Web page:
From today’s Guardian:
From today’s Guardian:
So, the “Golden Gate killer” has been caught, after forty years. Good news, to be sure, and it’s exciting to hear of the police using modern data systems creatively:
Investigators used DNA from crime scenes that had been stored all these years and plugged the genetic profile of the suspected assailant into an online genealogy database. One such service, GEDmatch, said in a statement on Friday that law enforcement officials had used its database to crack the case. Officers found distant relatives of Mr. DeAngelo’s and, despite his years of eluding the authorities, traced their DNA to his front door.
And yet… This is just another example of how all traditional notions of privacy are crumbling in the face of the twin assaults from information technology and networks. We see this in the way Facebook generates shadow profiles with information provided by your friends and acquaintances, even if you’ve never had a Facebook account. It doesn’t matter how cautious you are about protecting your own data: As long as you are connected to other people, quite a lot can be inferred about you from your network connections, or assembled from bits that you share with people to whom you are connected.
Nowhere is this more true than with genetic data. When DNA identification started being used by police, civil-liberties and privacy activists in many countries forced stringent restrictions on whose DNA could be collected, and under what circumstances it could be kept and catalogued. But now, effectively, everyone’s genome is public. It was noticed a few years back that it was possible to identify (or de-anonymize) participants in the Personal Genome Project, by drawing on patterns of information in their phenotypes. Here’s a more recent discussion of the issue. But those people had knowingly allowed their genotypes to be recorded and made publicly available. In the Golden Gate Killer case we see that random samples of genetic material can be attributed to individuals purely based on their biological links to other people who volunteered to be genotyped.
The next step will be, presumably, “shadow genetic profiles”: A company like GEDmatch — or the FBI — could generate imputed genetic profiles for anyone in the population, based solely on knowledge of their relationships to other people in their database, whether voluntarily (for the private company) or compulsorily (FBI).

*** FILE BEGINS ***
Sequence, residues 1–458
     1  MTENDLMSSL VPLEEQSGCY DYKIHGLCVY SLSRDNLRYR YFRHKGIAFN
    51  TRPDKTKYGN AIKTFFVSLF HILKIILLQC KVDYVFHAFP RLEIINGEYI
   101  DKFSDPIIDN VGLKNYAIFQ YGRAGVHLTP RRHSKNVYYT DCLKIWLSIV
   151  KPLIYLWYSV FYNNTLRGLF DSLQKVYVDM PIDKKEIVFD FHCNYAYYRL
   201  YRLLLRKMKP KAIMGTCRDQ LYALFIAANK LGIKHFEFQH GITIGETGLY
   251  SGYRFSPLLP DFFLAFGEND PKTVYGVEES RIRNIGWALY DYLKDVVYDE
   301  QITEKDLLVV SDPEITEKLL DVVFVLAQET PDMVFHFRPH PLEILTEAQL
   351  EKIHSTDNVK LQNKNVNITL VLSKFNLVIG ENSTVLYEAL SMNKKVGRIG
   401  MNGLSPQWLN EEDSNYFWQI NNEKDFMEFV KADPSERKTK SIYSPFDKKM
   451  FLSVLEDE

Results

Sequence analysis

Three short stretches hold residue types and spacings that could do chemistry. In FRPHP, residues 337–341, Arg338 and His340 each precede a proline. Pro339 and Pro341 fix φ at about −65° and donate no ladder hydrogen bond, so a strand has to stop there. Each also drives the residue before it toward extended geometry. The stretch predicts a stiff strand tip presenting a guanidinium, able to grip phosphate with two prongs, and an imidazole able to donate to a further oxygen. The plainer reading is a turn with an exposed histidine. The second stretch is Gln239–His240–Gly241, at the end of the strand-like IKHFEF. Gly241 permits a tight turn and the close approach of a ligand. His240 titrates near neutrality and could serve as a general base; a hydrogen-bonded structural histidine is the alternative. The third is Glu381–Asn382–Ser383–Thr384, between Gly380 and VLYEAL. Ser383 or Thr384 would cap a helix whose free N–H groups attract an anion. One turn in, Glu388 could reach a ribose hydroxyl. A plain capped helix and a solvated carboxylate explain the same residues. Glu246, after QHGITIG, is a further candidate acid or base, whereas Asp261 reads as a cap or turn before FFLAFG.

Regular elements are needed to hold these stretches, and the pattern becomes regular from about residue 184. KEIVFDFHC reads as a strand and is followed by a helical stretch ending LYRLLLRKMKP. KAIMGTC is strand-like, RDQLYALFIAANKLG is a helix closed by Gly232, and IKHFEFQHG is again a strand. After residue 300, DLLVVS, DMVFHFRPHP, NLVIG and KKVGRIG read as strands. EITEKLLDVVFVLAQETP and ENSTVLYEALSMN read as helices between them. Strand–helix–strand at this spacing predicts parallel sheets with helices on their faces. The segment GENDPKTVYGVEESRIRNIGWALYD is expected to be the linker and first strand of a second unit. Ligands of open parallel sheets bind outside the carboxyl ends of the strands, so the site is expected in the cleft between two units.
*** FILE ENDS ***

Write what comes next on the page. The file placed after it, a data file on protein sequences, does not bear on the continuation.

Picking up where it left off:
So Leave.EU is still active, and apparently last year they were soliciting a graphic to ridicule journalist Carole Cadwalladr:
As a mathematical scientist it strikes me as significant that she is considered to be discredited by association with three images: Flat Earth, Illuminati (though it looks to me like the Masonic eye from the US dollar bill), and what looks like a cheat sheet for an introductory electromagnetism course. Down in the corner we see that she’s been learning the right-hand rule for multiplying vectors. Right above it she has the formula for calculating power, which seems problematic.
The current Facebook scandal — which is really just like every other Facebook scandal, only bigger and more consequential — has led me to think about my own interaction with Facebook. I was a researcher at UC Berkeley in 2004-5, at the time when Facebook was expanding from the Ivy League out to all universities. I had recently programmed my own personal home page, because that’s what you did then if you wanted to have a space online where you could distribute documents and photos, and generally make yourself available on the Internet. So I thought of Facebook as a template for making web pages. A colleague explained to me that it also had this facility for linking to other people’s accounts.
But fundamentally, a brief look at it really turned me off. Having spent most of my adult life in maths-stats-computing millieus, I’ve known lots of people like Zuckerberg. I never got along with them, and fortunately most of them grow up eventually. Facebook looked to me like an attempt by the Zuckerbergs of the world to get other people to map their lives into a fixed set of categories that would make us sufficiently orderly. It makes social life as much as possible like bookkeeping. So I never signed up. And since then I’ve never had the impression that there were lacunae in my real-world interactions corresponding to Facebook communication.
Of course, this has to do with the fact that I am at least a decade older than the original Facebook target generation. (To judge by my daughters and their friends, Facebook is also far from indispensable for current teens. But Facebook has bought out other platforms, like Instagram, to maintain its hold.) I remember very clearly the first time when I first recognised the overwhelming power of the Facebook phenomenon for Zuckerberg’s generation: In spring 2007 I was sitting in a cafe near the University of Toronto. At a nearby table were half a dozen students whose conversation I couldn’t help but overhear in snippets, and over an hour or so it seemed that everything they had to say was mediated through Facebook: Who had changed their relationship status indicator, and why, and particular decisions to friend or unfriend various individuals. I found it slightly disturbing.